Capital City Carvers

September 2021

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COVID has put a wrench in many activities we had scheduled. Dues for 2021-2022 are on hold until we resume meetings at the Senior Center. We will decide our course of action then. In the meantime, the Officers elected for the 2020-2021 term have agreed to continue their service for the 2021-2022 term. They are:

Pres - Mike Crowley
Vice Pres - Mark Dominy
Sec/Treasurer - Adelle Grosskopf


October 18-22, 2021 Lebanon, TN. Renegade Woodcarvers Round-up, Steve Brown at

October 19-31, 2021 Pensacola Fair. We have been invited to participate again this year. Mike has received Fair information and has copies of the entry form available to anyone wishing to enter their carved work. Several of our members have won ribbons so think about entering one or more of your masterpieces. Carvings are due at the October 18 meeting. The entries will be delivered in Pensacola October 19. The carvings will be picked up October 31. The categories include human realistic, human caricature, animal realistic, animal caricature, mythical and fantasy, birds of prey, song birds, aquatic, Santa Claus and Christmas objects, religious, chip carving relief carving, long walking stick, short walking stick, miniature, wood burning, bark carving and a few others.

As with everything nowadays, it is suggested that you check to see if the programs are still on the calendar. Those of you receiving Chip Chats or Woodcarving Illustrated will have access to other shows and carving opportunities. The latest issues have some workshops listed that are already cancelled, some are not. Please check before making plans.

If you do not receive Chip Chats, you may want to consider becoming a member of the National Wood Carvers Association. Dues are $20/year. The magazine comes bi-monthly (although in the time of COVID, it is quarterly). Send your name, address, and dues to:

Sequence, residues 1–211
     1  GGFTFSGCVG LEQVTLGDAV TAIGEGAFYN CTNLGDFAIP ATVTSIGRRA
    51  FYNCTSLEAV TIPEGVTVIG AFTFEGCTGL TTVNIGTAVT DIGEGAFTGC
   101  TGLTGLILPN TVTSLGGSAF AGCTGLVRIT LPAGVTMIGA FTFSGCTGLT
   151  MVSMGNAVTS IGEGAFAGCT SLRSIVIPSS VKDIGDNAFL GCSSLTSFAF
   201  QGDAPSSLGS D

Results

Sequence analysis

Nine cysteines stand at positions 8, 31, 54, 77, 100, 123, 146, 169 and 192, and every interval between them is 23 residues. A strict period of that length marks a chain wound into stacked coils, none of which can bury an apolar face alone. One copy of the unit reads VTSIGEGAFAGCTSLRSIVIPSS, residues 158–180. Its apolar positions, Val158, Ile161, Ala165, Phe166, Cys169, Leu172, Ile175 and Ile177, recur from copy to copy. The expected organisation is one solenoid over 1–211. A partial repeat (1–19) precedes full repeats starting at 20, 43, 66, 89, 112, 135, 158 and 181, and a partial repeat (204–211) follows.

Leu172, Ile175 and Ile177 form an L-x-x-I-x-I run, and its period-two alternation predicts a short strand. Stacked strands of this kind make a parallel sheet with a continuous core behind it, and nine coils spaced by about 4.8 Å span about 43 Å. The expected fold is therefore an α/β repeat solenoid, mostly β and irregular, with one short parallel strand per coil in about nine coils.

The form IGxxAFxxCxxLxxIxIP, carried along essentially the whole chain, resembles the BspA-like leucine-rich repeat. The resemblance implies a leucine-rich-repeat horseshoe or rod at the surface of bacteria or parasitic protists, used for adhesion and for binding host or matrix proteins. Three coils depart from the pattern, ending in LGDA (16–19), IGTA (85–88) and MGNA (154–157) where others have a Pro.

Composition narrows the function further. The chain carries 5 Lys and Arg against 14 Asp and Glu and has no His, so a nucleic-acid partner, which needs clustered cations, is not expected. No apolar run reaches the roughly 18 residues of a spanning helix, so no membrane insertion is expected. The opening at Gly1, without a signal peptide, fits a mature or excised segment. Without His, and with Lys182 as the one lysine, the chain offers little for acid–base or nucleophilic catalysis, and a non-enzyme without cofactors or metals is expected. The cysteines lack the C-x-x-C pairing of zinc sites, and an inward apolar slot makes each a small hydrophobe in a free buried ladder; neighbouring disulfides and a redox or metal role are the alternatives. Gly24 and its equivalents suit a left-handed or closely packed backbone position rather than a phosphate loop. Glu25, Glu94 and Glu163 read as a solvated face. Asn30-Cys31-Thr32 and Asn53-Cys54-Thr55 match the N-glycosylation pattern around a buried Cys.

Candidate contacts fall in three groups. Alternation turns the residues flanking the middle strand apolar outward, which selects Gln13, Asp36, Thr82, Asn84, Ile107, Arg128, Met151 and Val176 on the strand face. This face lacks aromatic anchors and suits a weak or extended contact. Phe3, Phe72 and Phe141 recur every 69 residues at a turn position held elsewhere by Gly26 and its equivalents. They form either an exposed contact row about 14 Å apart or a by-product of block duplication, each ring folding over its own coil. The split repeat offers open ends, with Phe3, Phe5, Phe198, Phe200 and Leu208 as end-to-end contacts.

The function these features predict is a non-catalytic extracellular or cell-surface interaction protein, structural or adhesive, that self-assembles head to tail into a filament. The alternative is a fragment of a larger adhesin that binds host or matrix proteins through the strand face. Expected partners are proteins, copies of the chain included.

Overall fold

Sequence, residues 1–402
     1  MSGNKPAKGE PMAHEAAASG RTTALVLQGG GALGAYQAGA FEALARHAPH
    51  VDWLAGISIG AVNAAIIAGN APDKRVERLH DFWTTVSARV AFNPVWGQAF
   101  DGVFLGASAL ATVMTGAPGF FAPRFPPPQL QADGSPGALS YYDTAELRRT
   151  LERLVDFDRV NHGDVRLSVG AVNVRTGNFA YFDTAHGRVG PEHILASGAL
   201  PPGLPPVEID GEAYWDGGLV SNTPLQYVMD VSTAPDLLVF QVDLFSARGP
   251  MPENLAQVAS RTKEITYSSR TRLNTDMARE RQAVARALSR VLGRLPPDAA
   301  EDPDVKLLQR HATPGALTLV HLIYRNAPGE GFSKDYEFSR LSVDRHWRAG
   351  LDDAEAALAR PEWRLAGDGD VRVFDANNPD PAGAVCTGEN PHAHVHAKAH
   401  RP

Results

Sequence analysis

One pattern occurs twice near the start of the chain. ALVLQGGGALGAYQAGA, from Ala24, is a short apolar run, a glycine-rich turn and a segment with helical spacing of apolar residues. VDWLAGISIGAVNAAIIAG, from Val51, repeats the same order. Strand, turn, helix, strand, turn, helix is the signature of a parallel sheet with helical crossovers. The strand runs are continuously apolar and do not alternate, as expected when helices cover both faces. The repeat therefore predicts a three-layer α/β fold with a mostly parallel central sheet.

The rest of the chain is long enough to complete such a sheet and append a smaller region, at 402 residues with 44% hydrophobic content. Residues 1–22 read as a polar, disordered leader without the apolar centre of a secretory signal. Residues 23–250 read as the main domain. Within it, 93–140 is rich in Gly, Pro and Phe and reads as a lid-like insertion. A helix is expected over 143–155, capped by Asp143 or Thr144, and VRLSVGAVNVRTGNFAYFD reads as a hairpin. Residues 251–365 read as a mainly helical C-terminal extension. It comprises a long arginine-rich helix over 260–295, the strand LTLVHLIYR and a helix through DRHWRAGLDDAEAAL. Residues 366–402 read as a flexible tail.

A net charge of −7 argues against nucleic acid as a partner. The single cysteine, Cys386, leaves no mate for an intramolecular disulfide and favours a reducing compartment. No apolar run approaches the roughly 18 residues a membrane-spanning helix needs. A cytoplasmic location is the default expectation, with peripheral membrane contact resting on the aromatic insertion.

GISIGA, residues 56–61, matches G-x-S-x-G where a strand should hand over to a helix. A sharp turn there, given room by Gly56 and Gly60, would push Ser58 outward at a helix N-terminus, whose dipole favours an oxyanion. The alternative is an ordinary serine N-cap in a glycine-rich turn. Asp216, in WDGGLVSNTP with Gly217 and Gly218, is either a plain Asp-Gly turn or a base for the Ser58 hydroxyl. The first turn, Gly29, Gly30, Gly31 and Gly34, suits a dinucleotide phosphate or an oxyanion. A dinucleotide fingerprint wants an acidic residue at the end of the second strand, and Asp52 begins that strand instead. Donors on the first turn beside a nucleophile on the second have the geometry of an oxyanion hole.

National Wood Carvers Association
P.O. Box 43218
Cincinnati, Ohio 45243

Carving Strength and Ergonomics

During the Ward's World Championship virtual presentations this year was a Zoom talk about ergonomics. I was interested in finding out how I might place myself in a body structure that was not so harmful to me. Sitting is the main form our body is in when we carve. Many European-trained carvers stand, using both hands and the body to direct the carving gouges, sometimes using a mallet in one hand to move the gouge through the wood. In the U.S., we are using knives and palm gouges to remove the wood. In each case the arms and hands are the primary drivers of the tool direction. Strength in the arms and hands can be developed by using exercises designed specifically for that.

Something we might consider is warming up and down when we are going to get involved in a carving session of any length. Warming up and down does not have to last long and the importance of these before and after exercises cannot be over-emphasized. These will not only prevent strain and damage to joints and tendons but will also improve flexibility. Here are two exercises to use for warm-up/down.

  1. Clasp hands in front of the chest, interlocking the fingers. Now, keeping the elbows as still as possible, rotate the uppermost knuckles of your hands so as to describe horizontal circles in the air, increasing from small to large. Stop, and do the same number of rotations in the opposite direction, again starting small and getting larger.

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